Finally, an important feature of Chinese listed firms is the wide existence of a disproportionate ownership structure, which has been found to facilitate the exploitation of minority investors by controlling shareholders, especially in emerging markets where the protection of minority shareholders is weak. However, there is no evidence from the IPO market about whether firms with disproportionate ownership underperform or outperform other IPOs. Using a large sample of Chinese newly listed Non-SOEs, this study provides evidence that a disproportionate ownership structure facilitates the exploitation of minority investors by controlling shareholders. The findings show that IPOs with disproportionate ownership structure underperform those without on three-year post-IPO buy-and-hold returns (BHAR) and cumulative abnormal returns (CAR), respectively, and IPOs with disproportionate ownership structure experience greater declines in operating performance post IPO. This underperformance is robust to various accounting-based performance measures and different holding horizons. I also identify that the underperformance of IPOs with disproportionate ownership structure are partly driven by their higher likelihood of undertaking value-destroying related party transactions than those without. The results further indicate that initial return of IPOs with disproportionate ownership structure is significantly lower than those without. The evidence suggests that in a non-state-owned firm with disproportionate ownership structure, minority shareholders face a high likelihood of expropriation by ultimately controlling shareholders in IPOs, resulting in a discount in market valuation of the IPOs with disproportionate ownership structure.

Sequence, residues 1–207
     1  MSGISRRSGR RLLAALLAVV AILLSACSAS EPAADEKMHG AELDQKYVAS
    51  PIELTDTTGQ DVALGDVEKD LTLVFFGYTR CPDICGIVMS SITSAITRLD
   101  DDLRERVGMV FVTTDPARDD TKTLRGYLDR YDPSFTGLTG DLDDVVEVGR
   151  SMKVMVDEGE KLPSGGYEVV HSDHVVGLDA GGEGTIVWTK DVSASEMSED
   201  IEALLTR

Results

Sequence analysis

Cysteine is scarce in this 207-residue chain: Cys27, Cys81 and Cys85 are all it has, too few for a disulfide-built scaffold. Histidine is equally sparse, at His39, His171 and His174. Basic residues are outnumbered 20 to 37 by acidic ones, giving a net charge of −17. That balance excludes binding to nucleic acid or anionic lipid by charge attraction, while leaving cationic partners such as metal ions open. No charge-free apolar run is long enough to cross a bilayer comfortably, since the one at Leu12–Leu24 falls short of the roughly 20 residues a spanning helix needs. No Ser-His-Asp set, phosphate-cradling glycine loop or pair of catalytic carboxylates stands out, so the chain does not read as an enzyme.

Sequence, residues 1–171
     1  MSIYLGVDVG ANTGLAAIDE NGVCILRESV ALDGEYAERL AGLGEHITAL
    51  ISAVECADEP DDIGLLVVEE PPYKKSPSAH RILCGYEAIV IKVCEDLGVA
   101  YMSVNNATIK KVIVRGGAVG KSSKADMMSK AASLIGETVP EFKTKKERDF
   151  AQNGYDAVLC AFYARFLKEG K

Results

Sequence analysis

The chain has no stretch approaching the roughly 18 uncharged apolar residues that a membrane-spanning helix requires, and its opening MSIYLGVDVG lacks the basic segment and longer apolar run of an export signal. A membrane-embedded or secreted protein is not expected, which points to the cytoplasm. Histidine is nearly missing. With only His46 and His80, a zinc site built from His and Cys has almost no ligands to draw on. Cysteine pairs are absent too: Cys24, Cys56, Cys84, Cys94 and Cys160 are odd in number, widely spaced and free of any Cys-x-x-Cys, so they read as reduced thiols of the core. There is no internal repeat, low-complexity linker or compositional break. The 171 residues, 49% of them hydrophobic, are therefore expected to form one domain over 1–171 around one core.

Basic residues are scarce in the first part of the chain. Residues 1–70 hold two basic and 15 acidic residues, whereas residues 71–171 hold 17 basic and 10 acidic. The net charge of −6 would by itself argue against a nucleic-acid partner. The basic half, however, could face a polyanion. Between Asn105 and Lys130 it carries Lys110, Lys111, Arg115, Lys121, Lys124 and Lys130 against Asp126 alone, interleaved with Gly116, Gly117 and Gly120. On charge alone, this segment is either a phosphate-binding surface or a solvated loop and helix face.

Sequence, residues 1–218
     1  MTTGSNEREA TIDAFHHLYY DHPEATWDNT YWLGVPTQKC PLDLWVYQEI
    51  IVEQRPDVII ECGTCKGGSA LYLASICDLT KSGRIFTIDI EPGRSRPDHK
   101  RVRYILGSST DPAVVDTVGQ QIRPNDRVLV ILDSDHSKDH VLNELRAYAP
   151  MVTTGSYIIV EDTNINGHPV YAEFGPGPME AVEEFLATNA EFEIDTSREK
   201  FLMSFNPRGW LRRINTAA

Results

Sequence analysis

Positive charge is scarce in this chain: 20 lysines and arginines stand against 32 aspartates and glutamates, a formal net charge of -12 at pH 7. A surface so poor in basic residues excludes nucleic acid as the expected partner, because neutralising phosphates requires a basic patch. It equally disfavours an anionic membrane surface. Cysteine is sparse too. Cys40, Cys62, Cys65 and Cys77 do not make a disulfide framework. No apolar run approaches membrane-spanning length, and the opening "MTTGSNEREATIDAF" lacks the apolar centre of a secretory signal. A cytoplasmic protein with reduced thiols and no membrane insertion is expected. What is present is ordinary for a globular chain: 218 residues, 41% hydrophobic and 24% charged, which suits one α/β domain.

Overall, this thesis examines the effects of institutional features of Chinese firms, including political connections, the involvement of different private equity and disproportionate ownership structure, on the IPO process of Chinese Non-SOEs. This thesis provides evidence that, due to the heavy government intervention in the Chinese IPO market, politically connected executives, politically connected sponsors and PE investors have a significantly positive effect on IPO approval. Although the political connections of domestic PEs play a more important role in the IPO process than the reputable PEs, reputable PEs reduce information asymmetries and mitigate agency problems for their portfolio firms better than their domestic equivalents do by providing a closer monitoring service. The empirical evidence also indicates that in emerging markets where the investor protection system is still weak, ultimately controlling shareholders of newly listed Non-SOEs with disproportionate ownership structure usually expropriate the interests of minority shareholders.